Our society is intentionally corrupt. I don’t say it’s broken because it was not an accident. The racist and sexist structure goes far deeper than most people realize, and I definitely don’t have the time to explain how in one post. (However, a great place to start would be checking out the up-to-date list of Instagram’s social justice activists I listed at the end of this post, or perhaps reading Ibram X. Kendi’s How to Be an Antiracist.)

Fighting an intentionally unjust system is not easy or straightforward. And importantly, we atheists cannot do it alone. Even when we believe it is justified, we are guilty of excluding so many amazing people and activists from our work just because they are religious. Trust and listen to the lived experiences and expertise of people whose drive for justice stems from a religious place. That includes people from Indigenous or non-Western religions, or, yes, Christians, Muslims, Jews, and more.

Adam Lee’s previously mentioned article continues:

[The self-appointed thought leaders of atheism] belittled women and people of color who felt unwelcome or excluded. . . . It seemed obvious to me (and still does) that the way you triumph in the political arena is by building the biggest tent possible. I was confident that women and people of color were making reasonable requests, and that atheism was more than big enough to accommodate them. I was sure it was both the right thing and the tactically smart thing to do.

Adam Lee, Why I lost faith in New Atheism

Does trans liberation need to be strictly rational to be valid?

Creating a world that does not cater primarily to wealthy, able-bodied cis straight white men requires compassion even more than it requires reason. There is nuance in this life. Issues especially pertaining to trans identities are hard for many of us to grasp logically, but fortunately we don’t need to. Not everything has to make perfect sense. New or non-Western ways of making sense of the world don’t fit perfectly into this system that was built by and for white men.

Opponents of trans liberation, spokespeople for the gender binary, fight against gender-affirming pronouns on the basis that “you don’t get your own pronouns.” They’re frustrated that nonbinary and other queer identities seem to defy logic and are new, unfamiliar, and frankly scary.

(They’re not. Queer figures and stories—or the queerness of otherwise straight-presenting people—have just been intentionally erased from Western history. Indigenous and other non-Western cultures have done a much better job of including gender non-conforming people in their societies for millennia.)

But to those people, here’s my counterargument: Who cares? Most people don’t choose pronouns just to be logical, they do it to feel at home in their bodies and identities. Not to mention that the concept of gender is entirely made up and never in history has it accounted for the immeasurably complex human experience.

Trans liberation is not the only goal that requires us to stray from pure rationality. Being both antiracist and feminist require a full restructure of our ways of thinking and creating our society. Saying and believing that racism and other injustices are simply wrong won’t do it. Many of us who wholeheartedly believe they are wrong may not have grappled with the fact that if society was made in a way that marginalized people had equal rights to others, then we would lose our privilege—and we would miss it.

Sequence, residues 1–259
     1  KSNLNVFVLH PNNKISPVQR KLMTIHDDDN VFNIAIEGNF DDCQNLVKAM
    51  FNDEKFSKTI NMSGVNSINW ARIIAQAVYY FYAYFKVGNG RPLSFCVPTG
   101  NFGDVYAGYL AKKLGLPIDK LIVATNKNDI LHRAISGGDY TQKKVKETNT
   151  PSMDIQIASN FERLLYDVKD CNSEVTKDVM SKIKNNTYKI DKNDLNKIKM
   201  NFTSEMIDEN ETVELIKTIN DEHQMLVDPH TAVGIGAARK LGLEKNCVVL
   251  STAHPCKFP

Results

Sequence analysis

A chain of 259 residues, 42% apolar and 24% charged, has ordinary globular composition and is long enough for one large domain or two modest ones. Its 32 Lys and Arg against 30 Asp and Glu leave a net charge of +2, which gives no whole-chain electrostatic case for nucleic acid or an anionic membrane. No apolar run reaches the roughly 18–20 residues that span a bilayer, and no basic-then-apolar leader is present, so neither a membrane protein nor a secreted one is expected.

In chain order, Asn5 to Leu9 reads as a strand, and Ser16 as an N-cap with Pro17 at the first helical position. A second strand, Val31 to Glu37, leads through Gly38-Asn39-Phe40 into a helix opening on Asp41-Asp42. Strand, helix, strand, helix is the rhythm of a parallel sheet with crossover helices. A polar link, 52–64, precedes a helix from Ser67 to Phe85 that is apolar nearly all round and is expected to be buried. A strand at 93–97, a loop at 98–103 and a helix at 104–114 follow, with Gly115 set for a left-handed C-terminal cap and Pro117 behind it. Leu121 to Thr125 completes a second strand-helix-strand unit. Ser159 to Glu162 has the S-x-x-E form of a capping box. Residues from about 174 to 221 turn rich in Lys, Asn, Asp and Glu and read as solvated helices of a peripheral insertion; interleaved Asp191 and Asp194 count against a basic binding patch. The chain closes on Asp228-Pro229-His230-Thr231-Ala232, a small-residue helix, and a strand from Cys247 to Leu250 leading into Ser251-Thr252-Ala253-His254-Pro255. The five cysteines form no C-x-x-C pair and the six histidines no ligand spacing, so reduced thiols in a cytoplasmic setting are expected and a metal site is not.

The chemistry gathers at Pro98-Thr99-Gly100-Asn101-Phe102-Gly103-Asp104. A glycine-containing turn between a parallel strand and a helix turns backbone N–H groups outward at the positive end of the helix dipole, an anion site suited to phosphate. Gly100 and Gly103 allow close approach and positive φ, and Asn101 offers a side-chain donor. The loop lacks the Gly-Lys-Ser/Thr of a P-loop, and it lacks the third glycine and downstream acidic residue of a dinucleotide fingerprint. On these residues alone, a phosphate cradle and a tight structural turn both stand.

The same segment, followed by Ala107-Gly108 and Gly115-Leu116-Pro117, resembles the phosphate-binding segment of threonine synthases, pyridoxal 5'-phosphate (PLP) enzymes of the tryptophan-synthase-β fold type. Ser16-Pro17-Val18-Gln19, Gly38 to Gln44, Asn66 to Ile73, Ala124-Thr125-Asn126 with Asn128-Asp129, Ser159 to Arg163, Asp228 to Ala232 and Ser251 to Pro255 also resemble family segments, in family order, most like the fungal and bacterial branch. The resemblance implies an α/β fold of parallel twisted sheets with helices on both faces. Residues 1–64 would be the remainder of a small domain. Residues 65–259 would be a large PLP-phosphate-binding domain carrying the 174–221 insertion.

But that privilege is a small price to pay, because justice, liberation, and equity are worth fighting for.

5 thoughts on “How Atheists Can Fight for Social Justice

  • February 27, 2022 at 10:33 am

    I’m going to disagree on a couple of points here.

    Firstly, I really don’t think there is much of an atheist community. I’ll agree that there is a humanist community, but I don’t think it is their atheism that binds them into a community. Rather, it is their shared humanist ideals.

    Secondly, I was never a fan of Dawkins. I don’t think it was aging that turned him into something not very attractive. He was always like that. Perhaps it has become more noticeable due to his aging.

    In my case, it was not atheism that gave me progressive values. If anything, it was the other way around. It was seeing how regressive are the churches that led me to leave Christianity.

    • February 27, 2022 at 12:12 pm

      I think you’re right when you say “Perhaps it has become more noticeable due to his aging”. Admittedly I only heard of Dawkins in 2016 so there was a lot I missed before that. But it seems like his staying the same is the problem – maybe his logical take on morals was okay for “easier” questions like gay rights but not progressive enough to understand the full nuance of things like pronouns and gender identities. So yeah he has stayed the same while the world gets more progressive, and that’s the problem.

  • February 27, 2022 at 12:05 pm

    I came at this from a different direction than you did. In my Christian days, I was generally socio-politically progressive e.g. I subscribed to Sojourners, rather than Christianity Today. I eventually left evangelicalism for a mainstream church with a progressive attitude (before ditching religion altogether). But then, I’m about 40 years older than you, and Canadian, and my parents were not Christians, so my formative milieu was very different than yours.
    So I think that New Atheists are wrong to see religion as the unique wellspring of all these bigotries, and atheism as the acid that dissolves them, problem solved. In practice, it’s waaay more complicated than that. (Which means I think I’m agreeing with you).

    • February 27, 2022 at 1:02 pm

      Yep, that is spot on.

      Out of curiosity what made you leave the progressive church?

      • February 27, 2022 at 1:56 pm

        That part was mostly theological: During that period (roughly, the 90s thru early 00s) I was involved in online communities (notably of a skeptical bent. t.o wasn’t actively atheist — there was a good mix of atheists, agnostics and moderate Christians, but the main effect was to motivate me to put some rigour in my thinking. So I came to feel that the evidence in favour of theism was rather thin, and the evidence against (mostly the Problem of Evil) was formidable, and ~2001 the balance tipped. I hung around church for a while (the United Church of Canada doesn’t much enforce orthodoxy), but really didn’t see the point any more.


What do you think?